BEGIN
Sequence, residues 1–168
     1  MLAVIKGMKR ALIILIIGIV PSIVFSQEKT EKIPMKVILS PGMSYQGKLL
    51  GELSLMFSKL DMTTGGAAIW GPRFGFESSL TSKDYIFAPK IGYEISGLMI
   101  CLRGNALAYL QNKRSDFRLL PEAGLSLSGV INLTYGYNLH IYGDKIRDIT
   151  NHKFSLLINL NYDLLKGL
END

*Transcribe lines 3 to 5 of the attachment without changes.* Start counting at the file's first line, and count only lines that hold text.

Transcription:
    51  GELSLMFSKL DMTTGGAAIW GPRFGFESSL TSKDYIFAPK IGYEISGLMI
   101  CLRGNALAYL QNKRSDFRLL PEAGLSLSGV INLTYGYNLH IYGDKIRDIT
   151  NHKFSLLINL NYDLLKGL